“Kaart van het Eyland Borneo” [Map of the island Borneo] copper engraving from Francois Valentijn‘s “Oud en Nieuw Oost-Indien” [Old and New East Indies] , engraved by Jan van Braam and published in Dordrecht by Gerard Onder de Linden in 1724-1726. Colored by a later hand. Size: 44 x 54 cm.
Since the fall of Malacca in 1511, Portuguese merchants traded regularly with Borneo. Though Borneo was considered rich, the Portuguese made no attempt to conquer it. The English began trading with Sambas in the south in 1609. The Dutch started their trade in 1644 in Banjar and Martapura.
Mapping Borneo started relatively late compared to other large parts of South-East Asia. For a long time the island was pictured only with a few Portuguese place names along the western coastline, the Brunei Bay and an empty and flat eastern coastline. Dutch nautical charts from the mid-17th century had an improved depiction of especially the east coast.
It is only Valentine’s map that shows more details of the interior at the beginning of the 18th century. We see cities and “villages of the mountain farmers, where there are cloves and nutmegs”, also “a lot of gold can be obtained here”.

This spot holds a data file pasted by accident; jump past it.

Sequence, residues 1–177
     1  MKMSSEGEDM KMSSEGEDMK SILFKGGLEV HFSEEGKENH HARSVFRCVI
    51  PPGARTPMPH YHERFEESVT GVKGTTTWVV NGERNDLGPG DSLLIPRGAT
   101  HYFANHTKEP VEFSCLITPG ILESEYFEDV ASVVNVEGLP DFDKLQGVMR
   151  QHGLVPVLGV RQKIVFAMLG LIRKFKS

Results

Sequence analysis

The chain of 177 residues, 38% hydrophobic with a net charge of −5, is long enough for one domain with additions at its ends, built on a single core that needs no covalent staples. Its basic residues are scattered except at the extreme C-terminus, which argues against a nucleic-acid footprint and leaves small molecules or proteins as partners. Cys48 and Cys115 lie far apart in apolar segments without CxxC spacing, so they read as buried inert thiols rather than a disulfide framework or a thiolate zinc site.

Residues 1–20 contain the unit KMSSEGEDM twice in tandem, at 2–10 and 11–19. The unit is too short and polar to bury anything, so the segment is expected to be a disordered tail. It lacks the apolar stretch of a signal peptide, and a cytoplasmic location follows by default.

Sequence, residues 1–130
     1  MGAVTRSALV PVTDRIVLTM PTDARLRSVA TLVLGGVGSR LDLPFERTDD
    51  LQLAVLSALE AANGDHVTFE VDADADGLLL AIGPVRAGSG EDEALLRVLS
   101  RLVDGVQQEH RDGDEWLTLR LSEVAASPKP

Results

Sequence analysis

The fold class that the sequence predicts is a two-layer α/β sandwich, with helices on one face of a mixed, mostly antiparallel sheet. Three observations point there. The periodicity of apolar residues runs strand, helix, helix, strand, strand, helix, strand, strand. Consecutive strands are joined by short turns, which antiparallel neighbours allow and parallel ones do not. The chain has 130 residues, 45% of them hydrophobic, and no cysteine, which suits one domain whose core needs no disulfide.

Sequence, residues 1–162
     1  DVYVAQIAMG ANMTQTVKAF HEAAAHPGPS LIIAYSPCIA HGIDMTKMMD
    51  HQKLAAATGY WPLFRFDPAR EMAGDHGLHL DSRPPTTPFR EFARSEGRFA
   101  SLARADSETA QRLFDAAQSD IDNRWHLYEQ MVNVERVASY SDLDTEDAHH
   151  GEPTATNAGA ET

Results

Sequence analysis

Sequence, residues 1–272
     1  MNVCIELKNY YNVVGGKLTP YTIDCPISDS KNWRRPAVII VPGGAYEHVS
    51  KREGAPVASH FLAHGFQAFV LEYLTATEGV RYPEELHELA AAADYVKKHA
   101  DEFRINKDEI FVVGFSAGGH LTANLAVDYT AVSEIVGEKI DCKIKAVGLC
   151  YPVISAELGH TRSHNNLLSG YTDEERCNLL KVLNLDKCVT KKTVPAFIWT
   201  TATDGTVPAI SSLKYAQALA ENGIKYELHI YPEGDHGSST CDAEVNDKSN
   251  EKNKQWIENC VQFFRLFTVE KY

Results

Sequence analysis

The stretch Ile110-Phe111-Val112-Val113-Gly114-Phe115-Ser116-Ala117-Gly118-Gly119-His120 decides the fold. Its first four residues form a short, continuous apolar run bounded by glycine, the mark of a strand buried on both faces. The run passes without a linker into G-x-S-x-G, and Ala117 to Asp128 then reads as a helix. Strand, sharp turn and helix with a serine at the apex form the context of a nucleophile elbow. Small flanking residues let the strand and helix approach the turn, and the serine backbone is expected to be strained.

François Valentijn (1666-1726) was a Dutch miniter, naturalist and writer best known for his “Oud en Nieuw Oost-Indien“, a history of the Dutch East India Company (VOC) and its activities in the East Indies. Valentijn’s maps were among the most accurate and large-scale productions of the East Indies published to date. As an officer Valentijn had access to VOC documents which he compiled into a special collection of maps. Valentijn’s work is so superior to previous maps that its publication is exceptional, given the strict confidentiality policy of the VOC regarding cartographic material.
Price: Euro 950,-